If you feel discomfort or pain in the skin of your feet while you are exercising, stop exercising immediately and correct the problem. Continuously rubbing your skin can cause very painful blisters that can break and leave you with open painful areas for many weeks. Take off your shoes and look for a cause. Usually, your socks will be wrinkled or your shoes don’t fit properly. If it’s your socks, straighten the wrinkle or change your socks for a dry pair. If it’s your shoes, change to another pair if possible.
Wetness causes skin to stick to anything that rubs against it. Adding powder to your socks can help to keep your feet dry. It doesn’t matter whether you use corn starch, anti-fungal powder or baby powder. If you find that your socks are always wet after exercise, try an over-the-counter antiperspirant to decrease your sweating. If that doesn’t solve the problem, ask your doctor for a prescription-strength version.
If your shoe is causing your discomfort, try to soften the shoe where it rubs against your skin. Dab mineral oil or bath oil on the spot and try to stretch the shoe. If you still develop blisters, buy a new pair of shoes. If you are too frugal to throw away shoes, try putting a piece of adhesive tape on your skin where the shoe rubs.
Should You Pop a Blister?
If you can walk without feeling discomfort from rubbing your blister, leave it alone. Popping a blister increases risk for infections. If you decide to pop it,
• wash your hands and the blister area with soap and water
• sterilize a needle with rubbing alcohol
• insert the sterile needle into the edge of the blister
• use a sterile gauze pad to press out the fluid and wipe it off
• apply antibiotic ointment over the blister, cover with a sterile gauze pad and tape or a blister bandage
If you develop discolored blister fluid, increasing redness or pain, or any other signs of infection, check with your doctor or podiatrist immediately.
Less Common Causes of Blisters
Fungus: If the blisters or skin irritation appear on the sole or arch of your foot or between your toes, you could be infected with a fungus, commonly called tinea pedis or “athlete’s foot.” Other signs that you may have a fungus infection include scaling or cracked skin, burning, redness, itchiness, or thickened skin. The best way to get a proper diagnosis is to see a podiatrist or your family doctor and get a fungus culture, with a prescription to kill the particular fungus identified by the culture. You can try over-the-counter topical fungus creams, sprays or powders, but fungus infections often have to be treated for many weeks or months with topical medicines or pills, particularly if the infection is in your toenails. Having diabetes increases your risk for fungus infections. Never walk barefoot in public showers (including hotel bathrooms), where you can pick up fungi and wart viruses. Carry a pair of rubber sandals in your gym bag or suitcase.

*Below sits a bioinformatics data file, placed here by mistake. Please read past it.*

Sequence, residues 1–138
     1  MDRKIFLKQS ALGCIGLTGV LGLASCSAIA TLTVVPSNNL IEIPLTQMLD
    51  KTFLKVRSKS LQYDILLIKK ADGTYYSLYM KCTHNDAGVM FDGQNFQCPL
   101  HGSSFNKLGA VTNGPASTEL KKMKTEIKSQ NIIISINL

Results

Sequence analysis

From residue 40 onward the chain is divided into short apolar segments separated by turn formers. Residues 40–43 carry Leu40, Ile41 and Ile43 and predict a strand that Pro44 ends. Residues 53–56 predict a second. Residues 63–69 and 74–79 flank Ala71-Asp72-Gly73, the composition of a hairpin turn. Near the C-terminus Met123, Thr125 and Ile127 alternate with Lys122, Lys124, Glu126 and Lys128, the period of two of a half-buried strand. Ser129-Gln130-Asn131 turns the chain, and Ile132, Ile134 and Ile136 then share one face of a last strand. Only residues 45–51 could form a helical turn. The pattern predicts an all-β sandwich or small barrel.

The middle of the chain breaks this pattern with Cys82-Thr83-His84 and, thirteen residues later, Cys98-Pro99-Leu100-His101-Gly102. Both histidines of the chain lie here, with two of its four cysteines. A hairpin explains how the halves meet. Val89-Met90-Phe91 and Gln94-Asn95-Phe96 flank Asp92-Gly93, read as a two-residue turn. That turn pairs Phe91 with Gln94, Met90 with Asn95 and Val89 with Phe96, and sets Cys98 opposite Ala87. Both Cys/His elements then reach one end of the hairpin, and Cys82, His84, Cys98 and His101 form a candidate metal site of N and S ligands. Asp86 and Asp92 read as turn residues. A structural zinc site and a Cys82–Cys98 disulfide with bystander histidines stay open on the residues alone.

Bacteria: If the blister fluid is thick or discolored, it is likely that you have a bacterial infection and should check with your podiatrist or family doctor. The infection can spread to your bloodstream and you will have a serious problem. A bacterial culture will tell the type of bacteria and which antibiotics will kill it.
Other Causes: Blisters can be caused by skin conditions such as atopic dermatitis, psoriasis or blister-causing skin diseases; or by a contact dermatitis, in which you are irritated by some chemical or dye, possibly in your socks or shoes.
If Your Skin Continues to Form Blisters, Flake or Crack
• Wear different shoes each day and allow them to dry out between uses.
• Keep your feet dry with powder or an antiperspirant.
• Change socks as often as needed. Special moisture-wicking socks may help.
• Try applying tape over the places where your shoes rub, or try various products such as blister pads or moleskin.
• Wear shoes that fit you. If you have narrow or wide feet, they may slide in your present shoes and you would benefit from shopping for the proper width.
• If you have blisters on the ends of your toes, you may need shoes that are a half size longer than your present ones.
Note: My son Gene Mirkin, DPM, a practicing podiatrist in Annapolis and Kensington, Maryland, contributed to this article.